Nowadays, composting has become an essential life-saving technique for plants. Composting has become necessary for professional farmers associated with agriculture to individuals associated with household kitchen gardens.
For every person or group, who has an urge to grow healthy plants, bearing large fruits and flowers, composting comes to help. It is an easy technique that anyone can use, with just some ingredients in hand and precautions in mind.
Why Is There a Need to Compost Beans?
We all know that many sources are threatening Earth with each passing day, and the greenhouse gases are making the planet warmer every day with degrees of temperature. Composting beans aid in green living and a sustainable environment to rescue this problem.
• Less or no litter:
As per a survey done in 2015, the total amount of dumped material in the USA was around 37 million tons, a considerable value. We can not even easily imagine the world’s litter being produced, and it’s undoubtedly a significant number. So, to solve this issue, composting can be helpful.
• Biodegradable material to organic fertilizer:
Every day, in the quest for survival, many biodegradable pieces of stuff go unused, which is the thing to worry about.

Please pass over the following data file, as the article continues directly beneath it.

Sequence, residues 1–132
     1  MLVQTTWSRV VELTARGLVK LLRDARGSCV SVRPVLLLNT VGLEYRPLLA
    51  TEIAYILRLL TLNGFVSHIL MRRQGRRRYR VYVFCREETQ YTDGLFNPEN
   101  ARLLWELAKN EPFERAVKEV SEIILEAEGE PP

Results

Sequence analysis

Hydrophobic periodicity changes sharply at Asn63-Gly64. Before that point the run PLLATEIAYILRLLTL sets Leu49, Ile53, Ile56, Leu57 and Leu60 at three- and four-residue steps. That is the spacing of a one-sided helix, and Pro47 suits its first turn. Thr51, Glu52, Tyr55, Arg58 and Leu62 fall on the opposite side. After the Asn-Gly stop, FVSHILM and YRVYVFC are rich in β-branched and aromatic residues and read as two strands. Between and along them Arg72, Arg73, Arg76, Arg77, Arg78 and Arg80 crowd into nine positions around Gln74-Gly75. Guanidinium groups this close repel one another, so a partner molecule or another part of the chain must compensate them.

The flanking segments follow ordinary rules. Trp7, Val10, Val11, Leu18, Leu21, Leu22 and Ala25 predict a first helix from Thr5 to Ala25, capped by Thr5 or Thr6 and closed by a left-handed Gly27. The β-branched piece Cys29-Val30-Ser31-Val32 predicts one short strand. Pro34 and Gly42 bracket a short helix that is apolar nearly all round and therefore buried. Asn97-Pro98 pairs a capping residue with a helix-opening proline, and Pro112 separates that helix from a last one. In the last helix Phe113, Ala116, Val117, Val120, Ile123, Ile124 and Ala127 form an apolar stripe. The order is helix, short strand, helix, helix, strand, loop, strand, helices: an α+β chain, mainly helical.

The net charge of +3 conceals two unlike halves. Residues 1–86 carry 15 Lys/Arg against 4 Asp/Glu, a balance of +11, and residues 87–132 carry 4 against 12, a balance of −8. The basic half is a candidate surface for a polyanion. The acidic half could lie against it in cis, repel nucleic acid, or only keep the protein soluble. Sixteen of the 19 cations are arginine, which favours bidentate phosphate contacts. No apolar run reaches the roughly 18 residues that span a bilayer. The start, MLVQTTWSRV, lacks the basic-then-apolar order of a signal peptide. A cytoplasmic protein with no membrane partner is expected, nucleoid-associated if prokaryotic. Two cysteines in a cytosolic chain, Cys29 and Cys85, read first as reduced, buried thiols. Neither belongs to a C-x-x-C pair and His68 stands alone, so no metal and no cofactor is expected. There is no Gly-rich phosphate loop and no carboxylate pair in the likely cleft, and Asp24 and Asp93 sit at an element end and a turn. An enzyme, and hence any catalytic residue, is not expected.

This matter of trouble can be resolved by bean composting as all the useful biodegradable products like beans will aid in composting. Later, it will be used as an organic fertilizer.
• No methane emulsions:
When bacteria act on any leftover without oxygen, some harmful, toxic, and poisonous gases evolve. One of them is named methane, and it is the most significant cause of the temperature rise.
During composting beans, the natural oxygen in the environment is used, which helps in aerobic respiration, and the bacteria acting on leftovers produce no methane. Hence, it is an eco-friendly measure to save our environment.
Best Variety of Beans to be Composted in America
• Pinto beans found in Mexico are used for their mild essence and decent taste in their cuisine. It has a soft tint that provides a base that is not acidic. For its appearance, it accounts for clear and bold colors. Hence, these beans make an essential source of compost.